Considered keeping an eye on your blood pressure? It may be a good time to start.
High blood pressure (or hypertension) affects at least one-quarter of adults in Hong Kong and worldwide can be accounted for half of all heart attack and stroke-related deaths. Unfortunately, many people don’t realise they have it as there usually are no warning signs or symptoms. The only way to be sure of knowing there is a problem is to have your blood pressure measured.
Suffering from hypertension without treatment long term can cause many problems for your body and health. It puts extra stress on the heart and blood vessels, affecting oxygen supply around your body. This can lead to diseases such as heart attacks, strokes, blindness and kidney failure. To educate our patients, here’s a mini-guide to keeping your blood pressure at healthy levels.
How is blood pressure measured?
Blood pressure is a measure of the force of blood pressing against the walls of the arteries. It’s measured using two readings in millimetres of mercury (written as mmHg). We recommend that all healthy adults have their blood pressure checked every two years at the minimum.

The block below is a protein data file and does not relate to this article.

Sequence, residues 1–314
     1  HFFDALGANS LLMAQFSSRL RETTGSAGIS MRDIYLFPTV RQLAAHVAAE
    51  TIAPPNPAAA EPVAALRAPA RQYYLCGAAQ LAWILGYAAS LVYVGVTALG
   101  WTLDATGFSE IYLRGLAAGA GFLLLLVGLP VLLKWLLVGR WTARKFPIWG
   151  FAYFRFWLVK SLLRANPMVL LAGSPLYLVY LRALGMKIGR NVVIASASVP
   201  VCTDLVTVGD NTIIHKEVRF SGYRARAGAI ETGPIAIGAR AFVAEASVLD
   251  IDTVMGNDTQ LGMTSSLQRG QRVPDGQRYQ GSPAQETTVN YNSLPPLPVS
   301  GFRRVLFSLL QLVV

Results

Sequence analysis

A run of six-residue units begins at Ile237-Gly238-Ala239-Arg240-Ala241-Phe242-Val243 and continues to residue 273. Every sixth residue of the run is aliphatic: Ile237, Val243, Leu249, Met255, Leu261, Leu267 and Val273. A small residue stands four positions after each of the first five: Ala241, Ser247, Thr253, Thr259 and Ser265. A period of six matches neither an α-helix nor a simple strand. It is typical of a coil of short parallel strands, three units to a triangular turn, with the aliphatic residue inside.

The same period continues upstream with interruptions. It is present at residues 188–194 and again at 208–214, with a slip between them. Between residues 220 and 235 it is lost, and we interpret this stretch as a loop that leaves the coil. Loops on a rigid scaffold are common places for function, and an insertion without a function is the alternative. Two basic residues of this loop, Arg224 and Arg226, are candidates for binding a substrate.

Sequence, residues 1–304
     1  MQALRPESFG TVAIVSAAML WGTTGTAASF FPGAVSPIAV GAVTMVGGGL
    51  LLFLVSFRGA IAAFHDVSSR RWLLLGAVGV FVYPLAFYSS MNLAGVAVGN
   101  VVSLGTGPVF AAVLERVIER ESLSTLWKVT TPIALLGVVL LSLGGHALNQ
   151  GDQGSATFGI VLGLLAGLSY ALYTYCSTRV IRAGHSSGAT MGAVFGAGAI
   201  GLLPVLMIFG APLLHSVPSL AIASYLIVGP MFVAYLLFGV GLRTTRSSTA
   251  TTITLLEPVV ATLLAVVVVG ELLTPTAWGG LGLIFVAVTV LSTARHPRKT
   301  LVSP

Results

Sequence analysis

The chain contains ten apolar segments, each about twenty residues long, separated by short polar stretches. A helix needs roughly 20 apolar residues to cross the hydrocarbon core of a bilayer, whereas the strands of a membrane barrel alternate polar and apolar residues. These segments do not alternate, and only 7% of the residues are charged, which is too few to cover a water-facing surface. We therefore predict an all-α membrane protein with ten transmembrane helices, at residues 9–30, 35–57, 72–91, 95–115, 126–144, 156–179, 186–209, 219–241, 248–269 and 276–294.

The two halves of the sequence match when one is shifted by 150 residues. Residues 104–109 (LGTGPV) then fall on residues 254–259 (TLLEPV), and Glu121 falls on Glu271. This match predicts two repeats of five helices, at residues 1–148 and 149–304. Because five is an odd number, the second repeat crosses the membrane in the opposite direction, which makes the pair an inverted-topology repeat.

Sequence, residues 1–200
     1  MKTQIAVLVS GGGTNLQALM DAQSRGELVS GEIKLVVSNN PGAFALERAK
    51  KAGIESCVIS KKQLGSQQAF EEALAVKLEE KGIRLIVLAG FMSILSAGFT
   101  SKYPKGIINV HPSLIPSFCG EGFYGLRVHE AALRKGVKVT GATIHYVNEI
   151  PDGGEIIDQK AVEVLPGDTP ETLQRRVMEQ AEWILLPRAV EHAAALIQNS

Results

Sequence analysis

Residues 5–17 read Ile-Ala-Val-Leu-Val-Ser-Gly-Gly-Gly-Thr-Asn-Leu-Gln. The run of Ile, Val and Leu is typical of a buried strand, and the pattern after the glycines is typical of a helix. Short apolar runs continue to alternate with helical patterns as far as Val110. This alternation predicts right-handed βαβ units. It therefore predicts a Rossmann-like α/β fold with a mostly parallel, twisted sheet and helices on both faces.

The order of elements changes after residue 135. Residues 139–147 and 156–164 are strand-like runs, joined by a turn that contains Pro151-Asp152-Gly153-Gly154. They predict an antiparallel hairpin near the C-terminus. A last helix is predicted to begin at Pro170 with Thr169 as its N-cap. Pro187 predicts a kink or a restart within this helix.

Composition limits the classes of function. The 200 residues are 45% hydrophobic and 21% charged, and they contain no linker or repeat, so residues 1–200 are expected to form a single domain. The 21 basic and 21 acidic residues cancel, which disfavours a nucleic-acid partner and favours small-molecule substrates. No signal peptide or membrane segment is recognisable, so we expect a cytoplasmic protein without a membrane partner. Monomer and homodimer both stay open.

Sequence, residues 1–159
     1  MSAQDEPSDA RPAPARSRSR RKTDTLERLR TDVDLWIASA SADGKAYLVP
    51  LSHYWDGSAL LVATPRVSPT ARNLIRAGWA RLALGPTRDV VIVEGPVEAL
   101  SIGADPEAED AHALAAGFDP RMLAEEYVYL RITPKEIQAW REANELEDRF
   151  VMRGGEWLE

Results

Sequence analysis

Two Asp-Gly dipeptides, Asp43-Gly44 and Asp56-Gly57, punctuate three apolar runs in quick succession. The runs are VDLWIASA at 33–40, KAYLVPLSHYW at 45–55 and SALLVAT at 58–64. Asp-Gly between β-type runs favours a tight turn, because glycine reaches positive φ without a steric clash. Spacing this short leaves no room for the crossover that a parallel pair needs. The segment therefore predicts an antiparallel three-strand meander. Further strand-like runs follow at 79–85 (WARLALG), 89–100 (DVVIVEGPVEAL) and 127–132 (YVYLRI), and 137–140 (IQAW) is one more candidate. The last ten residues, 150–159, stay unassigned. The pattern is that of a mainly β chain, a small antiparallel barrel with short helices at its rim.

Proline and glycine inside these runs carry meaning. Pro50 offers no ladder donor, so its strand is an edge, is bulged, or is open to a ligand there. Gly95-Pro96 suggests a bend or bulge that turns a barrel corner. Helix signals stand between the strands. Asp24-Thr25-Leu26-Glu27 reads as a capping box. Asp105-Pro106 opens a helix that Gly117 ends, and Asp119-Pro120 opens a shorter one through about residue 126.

The first reading (systolic) is the pressure of the arteries when the heart is squeezing blood out. The second reading (diastolic) is the pressure of the arteries when the heart is relaxing between each beat. If the readings are 120 systolic and 80 diastolic, this is said to be 120 over 80 and written as 120/80mmHg.
Hypertension is diagnosed when blood pressure is consistently high. Generally, these ranges are what you are looking for;
- High blood pressure: anything above 140/90mmHg
- Normal blood pressure: should be below 120/80mmHg (but anything lower than 130/80mmHg is normal too)
- Low blood pressure: anything below 90/60mmHg (which can also be dangerous).
Apart from having your blood pressure measured in a clinic or hospital, your doctor may advise you to measure your blood pressure in other ways, such as Ambulatory blood pressure monitoring. This is a small machine that is on all day around your arm, measuring your blood pressure regularly during the day.
Another option is home blood pressure monitoring, which involves using your own electronic blood pressure machine (usually twice daily).
Causes of high blood pressure
Hypertension is caused by a combination of genetic and lifestyle factors. You’re more likely to have hypertension when:
- Increasing age
- Family history with hypertension
- High amount of salt in diet
- Smoking regularly
- Drinking large volumes of alcohol
- Lack of exercise
- Being overweight
- State of stress
- Excessive coffee drinking (more than 4 cups a day)
Around 1 in 10 cases of hypertension are caused by an underlying condition or cause, such as kidney disease, diabetes, hormonal conditions, the oral contraceptive pill and certain painkillers (like ibuprofen).
How to treat high blood pressure
Once diagnosed with hypertension, it should be immediately treated to reduce the chances of getting cardiovascular disease in the future.